I want to introduce you to someone: Let’s call her Maria. Maria’s anxiety levels have been through-the-roof lately. Due to the pandemic, her husband lost his job. Her kids haven’t been able to go to school, and they are chafing against the stay-at-home order. It’s been a struggle to get basic necessities. Some of her friends and acquaintances have contracted the virus, and she’s afraid of what will happen if she gets sick. Suddenly, the certainty of death and the uncertainty of when it will reach her feels like an anvil on her chest. She’s struggling to make sense of it all. Unable to leave home until the government order is lifted, she sits down at her computer to search for answers, hope, and meaning on the Internet.
Depending on her religious background and what part of the world she’s from, maybe she’ll turn to the Vatican to hear what the pope has to say. If so, she’ll be taught that the catastrophes and suffering the world is experiencing are an opportunity for “conversion” and repentance—but not a conversion from the kingdom of darkness to the kingdom of light, or a repentance from sin against God. Instead, it’s a chance to repent of her misuse of the planet’s resources. The suffering she’s experiencing is a message telling her to slow down her rate of consumption and to reconnect with nature. 
During a time when so many families around the world are confined to their homes, we’re seeing more people than ever before flocking online, desperately searching for the truth. Maybe she’s from a part of the world that is dominated by the Word of Faith movement and the prosperity gospel. Even though the faith healers seem unable to do anything to curb the global pandemic, they’re still confidently asserting that God’s will for His children is to experience health and wholeness.  If you just have enough faith, they imply, you can avoid suffering altogether.
Maybe she’s inclined to look for answers within Buddhism, comforted by the belief that at least there’s no such thing as permanent suffering. 
Or maybe she’s convinced that—from a secular, materialistic point of view—there is no answer to be found. Everything is essentially meaningless. Suffering only has a purpose if she gives it one. 
We want Maria to know the truth.
Suffering is meaningful, and the danger of permanent, eternal suffering is devastatingly real. But there is also real hope to be found. Despite the array of “options” she might find on the Internet, there is only one way for Maria to find that hope: the Lord Jesus Christ, who said, “I am the way, and the truth, and the life; no one comes to the Father but through Me” (John 14:6).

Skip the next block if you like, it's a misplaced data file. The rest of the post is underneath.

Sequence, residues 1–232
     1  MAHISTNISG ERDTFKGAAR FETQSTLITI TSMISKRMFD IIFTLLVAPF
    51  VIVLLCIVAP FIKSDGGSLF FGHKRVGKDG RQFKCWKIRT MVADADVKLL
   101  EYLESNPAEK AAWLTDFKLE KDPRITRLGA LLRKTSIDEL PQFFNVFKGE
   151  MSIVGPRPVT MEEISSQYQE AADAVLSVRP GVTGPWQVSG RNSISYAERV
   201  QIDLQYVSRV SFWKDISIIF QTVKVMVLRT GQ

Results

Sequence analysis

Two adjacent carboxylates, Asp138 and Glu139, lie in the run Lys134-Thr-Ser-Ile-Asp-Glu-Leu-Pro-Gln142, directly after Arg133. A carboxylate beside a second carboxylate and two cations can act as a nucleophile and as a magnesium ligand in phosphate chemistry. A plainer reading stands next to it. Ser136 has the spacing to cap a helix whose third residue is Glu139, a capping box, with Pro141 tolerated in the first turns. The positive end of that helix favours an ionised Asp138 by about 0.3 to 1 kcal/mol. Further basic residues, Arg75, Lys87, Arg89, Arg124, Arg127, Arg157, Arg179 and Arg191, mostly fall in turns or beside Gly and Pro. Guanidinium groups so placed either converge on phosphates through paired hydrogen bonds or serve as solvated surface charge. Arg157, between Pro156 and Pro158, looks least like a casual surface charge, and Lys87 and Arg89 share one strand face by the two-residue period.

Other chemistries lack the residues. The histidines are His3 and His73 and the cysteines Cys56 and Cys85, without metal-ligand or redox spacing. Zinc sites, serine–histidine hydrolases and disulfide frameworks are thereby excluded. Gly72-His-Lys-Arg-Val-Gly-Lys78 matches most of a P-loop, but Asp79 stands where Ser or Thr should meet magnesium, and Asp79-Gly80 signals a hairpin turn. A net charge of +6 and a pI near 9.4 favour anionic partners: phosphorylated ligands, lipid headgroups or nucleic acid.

If Maria calls on the name of the Lord, she will be saved (Rom. 10:13). But how will she call on Him unless she believes Him? How will she believe Him unless she’s heard Him? How can she hear Him unless His Word is preached to her (Rom. 10:14)? Biblically called and qualified preachers are vital to the dissemination of God’s truth. That’s why TMAI is committed to training men to accurately proclaim the Scripture—so that people like Maria might hear the only message that brings true comfort, hope, and eternal life.
During a time when so many families around the world are confined to their homes, we’re seeing more people than ever before flocking online, desperately searching for the truth. Thanks to the support of friends like you, thousands of TMAI students and graduates are preaching the Word of God online during this pandemic, reaching even more people than usual. Amid the cacophony of false gospels and human wisdom, TMAI’s graduates are strategically positioned all around the world to proclaim the true gospel to their individual contexts and communities. By God’s grace, they’re teaching what the Bible says about health, suffering, and our purpose here on earth—reaching people like Maria with the words of eternal life.
Please pray for our students and graduates who are preaching and ministering to their congregations during this time. And consider joining us as we continue to train preachers who will bring God’s Word to the world.
- Ivereigh, Austen. “An Interview with Pope Francis,” April 8, 2020. https://www.commonwealmagazine.org/time-great-uncertainty (accessed May 7, 2020).
- Hinn, Benny. “God’s Will Is Your Health,” https://www.bennyhinn.org (accessed April 21, 2020).
- Dalai Lama [Tenzin Gyatso]. “Prayer is Not Enough,” TIME, April 14, 2020. https://time.com/5820613/dalai-lama-coronavirus-compassion (accessed May 1, 2020).
- Asma, Stephen T. “Does the Pandemic Have a Purpose?” New York Times, November 7, 2007. https://www.nytimes.com/2020/04/16/opinion/covid-philosophy.html (accessed May 1, 2020).